Thursday, March 22, 2018

Flex and Flux

Ned from Lake Ann asked about the difference between flex and flux. The first difference is origin: flex came from a Latin word that meant to bend, while flux came from a Latin word that meant to flow.

The second difference is meaning. Flux has been used in the following senses:
·      an excessive discharge from the bowels or other organs;
·      a running from the eyes or mouth;
·      the flowing of the tide or of a stream;
·      a continuous stream of people;
·      a copious flood of talk;
·      continuous changes of condition or substance;
·      the rate of flow of any fluid across a given area;
·      the number of lines of magnetic induction or electric displacement;
·      any substance mixed with a metal to facilitate its fusion.

Flex has one major meaning -- to bend a joint. However, the –flex– root shows up in a couple hundred of words, including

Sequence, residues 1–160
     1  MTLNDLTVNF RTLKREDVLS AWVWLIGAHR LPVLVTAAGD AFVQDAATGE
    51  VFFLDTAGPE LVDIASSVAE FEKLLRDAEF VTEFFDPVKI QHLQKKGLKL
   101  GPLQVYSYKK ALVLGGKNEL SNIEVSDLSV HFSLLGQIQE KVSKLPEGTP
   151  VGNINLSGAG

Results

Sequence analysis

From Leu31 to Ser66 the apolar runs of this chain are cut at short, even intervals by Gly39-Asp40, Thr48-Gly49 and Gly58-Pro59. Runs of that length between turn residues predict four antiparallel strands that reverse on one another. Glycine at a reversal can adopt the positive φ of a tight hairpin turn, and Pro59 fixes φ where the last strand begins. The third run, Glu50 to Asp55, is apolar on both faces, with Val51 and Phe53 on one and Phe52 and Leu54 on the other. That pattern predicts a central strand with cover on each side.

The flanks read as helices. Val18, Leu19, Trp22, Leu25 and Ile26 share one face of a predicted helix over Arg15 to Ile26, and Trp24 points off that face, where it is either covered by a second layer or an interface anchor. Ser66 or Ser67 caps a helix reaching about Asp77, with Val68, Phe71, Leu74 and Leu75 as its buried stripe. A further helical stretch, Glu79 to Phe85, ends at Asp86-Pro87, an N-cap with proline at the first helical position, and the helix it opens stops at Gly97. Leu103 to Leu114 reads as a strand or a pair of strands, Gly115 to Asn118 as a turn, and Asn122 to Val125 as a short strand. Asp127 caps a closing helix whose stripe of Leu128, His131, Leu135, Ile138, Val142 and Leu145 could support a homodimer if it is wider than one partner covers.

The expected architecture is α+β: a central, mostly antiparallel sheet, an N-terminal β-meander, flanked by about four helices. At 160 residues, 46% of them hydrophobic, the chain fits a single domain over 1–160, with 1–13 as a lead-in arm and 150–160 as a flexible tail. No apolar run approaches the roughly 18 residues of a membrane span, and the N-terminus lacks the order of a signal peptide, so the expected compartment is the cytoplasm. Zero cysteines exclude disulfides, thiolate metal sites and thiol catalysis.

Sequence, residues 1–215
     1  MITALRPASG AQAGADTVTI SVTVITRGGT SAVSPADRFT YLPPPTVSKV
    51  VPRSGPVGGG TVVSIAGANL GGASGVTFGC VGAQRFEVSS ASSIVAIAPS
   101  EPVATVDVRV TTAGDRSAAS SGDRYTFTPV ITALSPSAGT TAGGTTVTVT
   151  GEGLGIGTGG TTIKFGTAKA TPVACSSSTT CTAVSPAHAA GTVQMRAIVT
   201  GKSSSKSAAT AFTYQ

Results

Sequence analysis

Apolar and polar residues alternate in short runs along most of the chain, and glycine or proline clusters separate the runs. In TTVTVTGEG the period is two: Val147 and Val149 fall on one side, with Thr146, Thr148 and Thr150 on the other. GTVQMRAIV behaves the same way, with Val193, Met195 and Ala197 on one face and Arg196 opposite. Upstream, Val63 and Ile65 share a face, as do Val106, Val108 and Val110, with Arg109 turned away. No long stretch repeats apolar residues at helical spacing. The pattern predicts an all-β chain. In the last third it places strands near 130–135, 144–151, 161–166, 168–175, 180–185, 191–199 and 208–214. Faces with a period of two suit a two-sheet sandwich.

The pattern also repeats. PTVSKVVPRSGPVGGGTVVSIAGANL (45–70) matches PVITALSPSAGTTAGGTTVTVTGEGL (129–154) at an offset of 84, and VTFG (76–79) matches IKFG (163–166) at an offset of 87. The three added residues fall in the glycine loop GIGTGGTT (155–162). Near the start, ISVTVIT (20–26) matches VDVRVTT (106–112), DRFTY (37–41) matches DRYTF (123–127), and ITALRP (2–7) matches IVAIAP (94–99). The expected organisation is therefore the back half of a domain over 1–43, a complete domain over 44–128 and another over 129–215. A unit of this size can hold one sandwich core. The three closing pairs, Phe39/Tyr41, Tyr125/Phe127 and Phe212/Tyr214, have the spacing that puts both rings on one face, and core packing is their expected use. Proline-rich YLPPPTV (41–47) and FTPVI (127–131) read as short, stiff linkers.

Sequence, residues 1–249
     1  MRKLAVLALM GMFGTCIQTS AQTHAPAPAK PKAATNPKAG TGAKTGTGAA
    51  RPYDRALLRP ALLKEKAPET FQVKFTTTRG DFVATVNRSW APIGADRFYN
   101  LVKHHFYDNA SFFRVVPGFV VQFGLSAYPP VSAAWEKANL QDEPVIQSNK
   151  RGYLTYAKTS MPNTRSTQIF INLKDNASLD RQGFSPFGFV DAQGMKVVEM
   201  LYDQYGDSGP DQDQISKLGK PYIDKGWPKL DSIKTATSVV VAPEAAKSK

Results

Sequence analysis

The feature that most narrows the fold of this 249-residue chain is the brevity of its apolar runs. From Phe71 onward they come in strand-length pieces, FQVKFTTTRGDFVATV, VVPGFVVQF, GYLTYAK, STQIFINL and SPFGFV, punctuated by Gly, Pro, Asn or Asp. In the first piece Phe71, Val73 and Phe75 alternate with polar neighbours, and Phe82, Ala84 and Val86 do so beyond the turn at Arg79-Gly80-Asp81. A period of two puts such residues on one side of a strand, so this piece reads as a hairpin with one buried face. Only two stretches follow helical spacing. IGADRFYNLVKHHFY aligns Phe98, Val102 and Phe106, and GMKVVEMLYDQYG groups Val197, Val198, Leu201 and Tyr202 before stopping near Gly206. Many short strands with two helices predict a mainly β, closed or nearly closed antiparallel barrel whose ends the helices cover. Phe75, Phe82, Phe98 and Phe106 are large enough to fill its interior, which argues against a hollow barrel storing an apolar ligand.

·      anteflexion: the condition of being bent forwards;
·      chemoreflex: a reflex response to a chemical stimulus;
·      circumflex:  a curved accent mark to indicate vowel quality;
·      contraflexure: the condition of being bent or curved in opposite directions;
·      dorsiflex: to bend the foot towards its dorsal surface;
·      flexibility: pliancy;
·      flexion: the act of bending;
·      genuflexion: bending of the knee;
·      reflex: automatic reaction.

Apropos of nothing, I note that all five vowels can be inserted into those same consonants: flax, flex, flix, flux, and the misspelling flox. Flix, aside from being slang for motion pictures, is an old term for the down of a beaver.

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